Home Forward is a big fish in Portland-area affordable housing. Once known as the Housing Authority of Portland, the agency is the largest provider of affordable housing in Oregon – with more than 6,000 apartments – and is the administrator of roughly 9,400 federal Housing Choice Vouchers, also known as Section 8, that subsidize residents living in market-rate apartments across Multnomah County. Demand for those vouchers – which help people earning less than half of the area's median income – is intense. About 40,000 households in the county qualify for less than 10,000 available vouchers, and when the agency opened its waitlists last month, more than 16,000 households applied for less than 3,000 spots.
Its role gives Home Forward a lot of influence in the region’s affordable housing policy, but also many challenges, including the unreliability of federal budgets that fund many of its programs, and a large backlog of aging apartments that need renovation and residents – including many of the region's most economically vulnerable people – that need services beyond just a roof over their heads. Governed by a publicly-appointed board of directors, Home Forward’s day-to-day operations are managed by Michael Buonocore, who served at several levels of the organization over 13 years before becoming executive director in 2014. Joining Buonocore on Home Forward’s leadership team is director of asset management Molly Rogers.
What's the role of a housing authority and what challenges and advantages do you have as a result?
Buonocore: Federal subsidies are both a challenge and an advantage. We deal with a lot of volatility and unpredictability in how we're funded, so budgeting from year to year is hard and we've definitely seen some big swings if you look over the course of decades: Federal investment in subsidized housing has diminished.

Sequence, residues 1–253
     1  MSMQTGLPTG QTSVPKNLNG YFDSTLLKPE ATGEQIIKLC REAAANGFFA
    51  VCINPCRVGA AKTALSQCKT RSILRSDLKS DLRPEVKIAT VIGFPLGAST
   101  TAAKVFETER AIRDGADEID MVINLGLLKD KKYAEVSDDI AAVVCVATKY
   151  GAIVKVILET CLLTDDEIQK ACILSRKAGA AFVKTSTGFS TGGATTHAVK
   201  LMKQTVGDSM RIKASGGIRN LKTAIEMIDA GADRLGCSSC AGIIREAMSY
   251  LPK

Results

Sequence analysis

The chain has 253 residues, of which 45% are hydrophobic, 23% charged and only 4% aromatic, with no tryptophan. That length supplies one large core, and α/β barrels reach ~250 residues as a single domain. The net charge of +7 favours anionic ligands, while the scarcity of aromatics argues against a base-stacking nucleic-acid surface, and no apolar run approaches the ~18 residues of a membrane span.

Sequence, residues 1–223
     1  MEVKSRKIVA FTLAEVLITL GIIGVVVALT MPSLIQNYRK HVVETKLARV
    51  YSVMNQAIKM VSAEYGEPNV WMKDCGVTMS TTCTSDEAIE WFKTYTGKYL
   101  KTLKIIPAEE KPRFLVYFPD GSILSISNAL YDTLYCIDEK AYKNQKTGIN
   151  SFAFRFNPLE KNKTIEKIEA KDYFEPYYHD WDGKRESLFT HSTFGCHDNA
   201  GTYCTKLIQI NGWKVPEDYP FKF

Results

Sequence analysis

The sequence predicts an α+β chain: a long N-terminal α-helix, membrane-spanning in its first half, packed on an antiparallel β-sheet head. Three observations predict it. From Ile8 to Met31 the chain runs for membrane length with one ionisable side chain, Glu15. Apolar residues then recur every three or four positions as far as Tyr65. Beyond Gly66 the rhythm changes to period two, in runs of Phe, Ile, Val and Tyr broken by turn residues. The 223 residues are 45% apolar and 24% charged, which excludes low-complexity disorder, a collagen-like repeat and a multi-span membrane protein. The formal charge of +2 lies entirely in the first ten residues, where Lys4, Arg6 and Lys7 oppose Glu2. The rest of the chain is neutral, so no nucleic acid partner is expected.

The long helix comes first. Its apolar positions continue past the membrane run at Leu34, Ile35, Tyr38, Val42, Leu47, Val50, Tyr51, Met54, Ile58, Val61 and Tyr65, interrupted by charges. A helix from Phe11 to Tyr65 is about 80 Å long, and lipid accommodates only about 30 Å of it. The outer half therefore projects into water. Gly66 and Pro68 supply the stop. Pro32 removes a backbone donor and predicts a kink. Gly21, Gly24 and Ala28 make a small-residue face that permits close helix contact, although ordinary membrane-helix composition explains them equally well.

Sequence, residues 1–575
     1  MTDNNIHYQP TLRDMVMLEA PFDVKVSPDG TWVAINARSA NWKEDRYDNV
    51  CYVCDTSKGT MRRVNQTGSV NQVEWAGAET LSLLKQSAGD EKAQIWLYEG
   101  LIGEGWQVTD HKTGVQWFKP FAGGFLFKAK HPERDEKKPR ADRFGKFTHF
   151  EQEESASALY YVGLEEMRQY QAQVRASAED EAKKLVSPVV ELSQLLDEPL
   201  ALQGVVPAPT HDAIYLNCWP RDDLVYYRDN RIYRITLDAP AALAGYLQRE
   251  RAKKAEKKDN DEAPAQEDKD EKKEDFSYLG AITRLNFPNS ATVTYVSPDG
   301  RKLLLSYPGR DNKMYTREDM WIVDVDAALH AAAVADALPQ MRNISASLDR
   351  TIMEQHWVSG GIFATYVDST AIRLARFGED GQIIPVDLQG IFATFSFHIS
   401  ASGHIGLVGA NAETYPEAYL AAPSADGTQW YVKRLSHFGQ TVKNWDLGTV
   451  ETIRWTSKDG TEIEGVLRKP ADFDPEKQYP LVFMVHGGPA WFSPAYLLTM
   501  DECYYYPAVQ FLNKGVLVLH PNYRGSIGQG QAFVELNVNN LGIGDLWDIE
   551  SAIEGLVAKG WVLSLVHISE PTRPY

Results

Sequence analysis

But there's also a constancy to it, in that we are fundamentally reasonably assured that we will be funded. So as long as there's not some really massive seismic shift, we have some certainty that we will continue doing business and serving this population of folks.
What's the future of public housing in your portfolio?
Buonocore: We find ourselves in this situation of a capital needs backlog after years of operating an underfunded, aging portfolio. Twenty years ago you weren't getting enough money for maintenance, and that wasn't great, but you compound that year over year and it just gets harder and harder.
Unlike some other communities in the country that have sort of given up, we've put a stake in the ground and said we're really committed to the spirit of public housing and we keep this portfolio and we continue to house the most economically vulnerable.
Unlike some other communities in the country that have sort of given up, we've put a stake in the ground and said we're really committed to the spirit of public housing and we keep this portfolio and we continue to house the most economically vulnerable. That mission is really important.
Rogers: We have now a stock of housing – about 40 properties – that are averaging 40 to 50 years old and haven't had the level of significant rehabilitation that we need to make sure those physical assets last another 30, 40, 50 years.
We are converting all of our public housing into a Section 8 (voucher-based) platform. Section 8 has benefited from being more politically supported and hasn't faced the level of disinvestment congressionally that public housing has. So it's a more predictable funding stream. In addition we get out of the restrictions that are specific to public housing, like not being able to leverage tax credits or take on debt. Those are the two main ways we finance capital improvements.
For our residents, it's the same. It's still an income-based approach for their rent.
What are the biggest things people get wrong about affordability?
Buonocore: When a person on the street or a legislator is trying to understand this issue, especially now as it's in the forefront, people understandably want a simple way of wrapping their head around it, and they want to know, "what's a reasonable amount per door?"